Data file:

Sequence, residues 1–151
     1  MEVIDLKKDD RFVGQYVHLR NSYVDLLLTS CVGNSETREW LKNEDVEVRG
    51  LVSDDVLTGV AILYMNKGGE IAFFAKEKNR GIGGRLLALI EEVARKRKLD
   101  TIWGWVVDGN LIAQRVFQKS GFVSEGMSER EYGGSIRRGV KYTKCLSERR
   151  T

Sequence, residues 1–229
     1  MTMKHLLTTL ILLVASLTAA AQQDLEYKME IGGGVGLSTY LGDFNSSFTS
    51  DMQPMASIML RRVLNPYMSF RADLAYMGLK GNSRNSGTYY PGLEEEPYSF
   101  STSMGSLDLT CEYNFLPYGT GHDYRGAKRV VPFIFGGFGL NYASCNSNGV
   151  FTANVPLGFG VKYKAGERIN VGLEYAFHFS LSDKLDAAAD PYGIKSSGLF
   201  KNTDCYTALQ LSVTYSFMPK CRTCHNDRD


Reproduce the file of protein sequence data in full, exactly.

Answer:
Sequence, residues 1–151
     1  MEVIDLKKDD RFVGQYVHLR NSYVDLLLTS CVGNSETREW LKNEDVEVRG
    51  LVSDDVLTGV AILYMNKGGE IAFFAKEKNR GIGGRLLALI EEVARKRKLD
   101  TIWGWVVDGN LIAQRVFQKS GFVSEGMSER EYGGSIRRGV KYTKCLSERR
   151  T

Sequence, residues 1–229
     1  MTMKHLLTTL ILLVASLTAA AQQDLEYKME IGGGVGLSTY LGDFNSSFTS
    51  DMQPMASIML RRVLNPYMSF RADLAYMGLK GNSRNSGTYY PGLEEEPYSF
   101  STSMGSLDLT CEYNFLPYGT GHDYRGAKRV VPFIFGGFGL NYASCNSNGV
   151  FTANVPLGFG VKYKAGERIN VGLEYAFHFS LSDKLDAAAD PYGIKSSGLF
   201  KNTDCYTALQ LSVTYSFMPK CRTCHNDRD